CCT has engaged in hundreds of large- and small-scale research and development projects designed to assess, shape, study and inform the use of information technology in education.

CCT Project Archive: "Center for Children & Technology"

Monday, May 08, 2006

eWEEK Labs: Sun and HP Thin Client PCs

eWeek has a slide show presentation of two thin clients. Thin clients make for very good solutions for computer labs and other specialized uses. Few people have much experience with thin clients, yet they can be an economical solution for a school.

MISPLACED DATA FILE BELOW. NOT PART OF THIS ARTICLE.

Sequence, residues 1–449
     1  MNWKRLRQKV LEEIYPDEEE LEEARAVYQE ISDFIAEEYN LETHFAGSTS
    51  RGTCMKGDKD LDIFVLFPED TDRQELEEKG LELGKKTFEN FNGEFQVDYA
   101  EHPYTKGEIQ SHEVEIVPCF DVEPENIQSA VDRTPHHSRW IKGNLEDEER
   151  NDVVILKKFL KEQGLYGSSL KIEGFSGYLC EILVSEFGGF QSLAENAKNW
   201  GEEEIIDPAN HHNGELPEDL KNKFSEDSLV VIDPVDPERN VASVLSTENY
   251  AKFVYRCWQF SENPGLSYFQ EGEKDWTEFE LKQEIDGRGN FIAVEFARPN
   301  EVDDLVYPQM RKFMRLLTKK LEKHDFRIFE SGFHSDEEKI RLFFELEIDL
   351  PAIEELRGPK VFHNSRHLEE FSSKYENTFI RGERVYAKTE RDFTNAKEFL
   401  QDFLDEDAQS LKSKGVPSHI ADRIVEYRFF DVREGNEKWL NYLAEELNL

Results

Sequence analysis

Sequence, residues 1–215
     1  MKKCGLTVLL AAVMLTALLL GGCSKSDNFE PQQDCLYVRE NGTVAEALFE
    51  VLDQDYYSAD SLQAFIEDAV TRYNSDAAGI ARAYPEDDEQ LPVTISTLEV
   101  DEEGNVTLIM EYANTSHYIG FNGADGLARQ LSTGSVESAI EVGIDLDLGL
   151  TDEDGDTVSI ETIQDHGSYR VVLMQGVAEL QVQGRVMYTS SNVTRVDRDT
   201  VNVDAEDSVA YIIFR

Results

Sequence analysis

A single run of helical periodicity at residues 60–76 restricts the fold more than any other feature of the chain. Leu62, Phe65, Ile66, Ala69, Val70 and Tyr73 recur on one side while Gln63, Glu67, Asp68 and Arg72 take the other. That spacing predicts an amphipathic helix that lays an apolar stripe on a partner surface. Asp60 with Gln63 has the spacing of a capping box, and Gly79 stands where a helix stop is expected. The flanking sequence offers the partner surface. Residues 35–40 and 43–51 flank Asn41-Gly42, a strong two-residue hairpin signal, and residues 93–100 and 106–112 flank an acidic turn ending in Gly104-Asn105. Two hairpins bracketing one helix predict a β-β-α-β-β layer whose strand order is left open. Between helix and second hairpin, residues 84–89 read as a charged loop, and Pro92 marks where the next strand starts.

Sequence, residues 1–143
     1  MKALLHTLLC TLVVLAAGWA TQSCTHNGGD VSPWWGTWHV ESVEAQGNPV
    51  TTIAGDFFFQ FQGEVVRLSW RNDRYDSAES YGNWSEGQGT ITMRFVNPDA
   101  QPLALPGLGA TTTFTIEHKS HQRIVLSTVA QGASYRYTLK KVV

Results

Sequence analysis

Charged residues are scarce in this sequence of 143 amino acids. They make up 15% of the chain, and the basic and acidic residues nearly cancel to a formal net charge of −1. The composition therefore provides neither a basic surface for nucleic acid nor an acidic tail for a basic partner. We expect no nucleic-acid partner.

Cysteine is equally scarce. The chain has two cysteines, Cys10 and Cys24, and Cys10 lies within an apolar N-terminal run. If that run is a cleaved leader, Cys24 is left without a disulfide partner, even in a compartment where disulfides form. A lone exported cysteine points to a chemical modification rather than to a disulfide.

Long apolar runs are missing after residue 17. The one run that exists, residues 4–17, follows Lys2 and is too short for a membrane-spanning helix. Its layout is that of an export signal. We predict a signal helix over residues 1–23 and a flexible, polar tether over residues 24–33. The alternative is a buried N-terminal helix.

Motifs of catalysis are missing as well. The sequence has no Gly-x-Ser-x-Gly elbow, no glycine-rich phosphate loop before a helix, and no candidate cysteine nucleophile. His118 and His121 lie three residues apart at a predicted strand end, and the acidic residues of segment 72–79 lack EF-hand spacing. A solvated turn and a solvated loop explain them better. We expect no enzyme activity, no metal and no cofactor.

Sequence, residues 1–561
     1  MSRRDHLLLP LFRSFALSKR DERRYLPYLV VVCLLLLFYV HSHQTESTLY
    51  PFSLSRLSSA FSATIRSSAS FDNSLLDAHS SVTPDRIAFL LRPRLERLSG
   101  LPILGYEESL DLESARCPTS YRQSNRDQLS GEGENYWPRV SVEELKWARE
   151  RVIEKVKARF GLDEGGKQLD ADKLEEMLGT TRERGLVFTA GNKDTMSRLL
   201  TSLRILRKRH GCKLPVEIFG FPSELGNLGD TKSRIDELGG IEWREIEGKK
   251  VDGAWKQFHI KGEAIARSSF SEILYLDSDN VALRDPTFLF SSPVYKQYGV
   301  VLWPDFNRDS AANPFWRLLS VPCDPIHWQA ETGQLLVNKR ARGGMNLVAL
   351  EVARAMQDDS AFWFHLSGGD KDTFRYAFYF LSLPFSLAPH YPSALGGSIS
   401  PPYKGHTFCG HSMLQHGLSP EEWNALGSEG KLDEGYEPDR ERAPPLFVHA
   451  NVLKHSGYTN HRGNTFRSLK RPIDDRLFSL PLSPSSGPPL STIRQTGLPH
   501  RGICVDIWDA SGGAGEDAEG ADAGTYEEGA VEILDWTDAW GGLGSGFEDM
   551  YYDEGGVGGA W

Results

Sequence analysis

eWEEK Labs: Sun and HP Thin Client PCs

Friday, May 05, 2006

klik - Linux Installation Packages

One of the problems with a computer lab computer is that it gets so full of programs that it collapses. While the normal computer may have a dozen or so programs, a computer lab computer may have dozens of programs. Add to this number all the programs that have been installed and supposedly uninstalled, and the computer is going to have serious problems. When a program installs it deposits files all over the disk. Even when the program is uninstalled, there may be parts of that program that still exist. In Windows, the problem is primarily with the registry. In Linux, the problem is more with incompatible libraries (i.e. one program replaces a required library with one that it needs but cannot be used by another program).